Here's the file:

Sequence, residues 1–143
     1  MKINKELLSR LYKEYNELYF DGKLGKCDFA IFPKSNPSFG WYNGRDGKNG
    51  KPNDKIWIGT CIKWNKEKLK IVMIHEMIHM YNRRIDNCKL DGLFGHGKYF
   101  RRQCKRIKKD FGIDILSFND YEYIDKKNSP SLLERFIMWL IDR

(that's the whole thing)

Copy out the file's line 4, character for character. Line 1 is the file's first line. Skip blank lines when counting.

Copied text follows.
   101  RRQCKRIKKD FGIDILSFND YEYIDKKNSP SLLERFIMWL IDR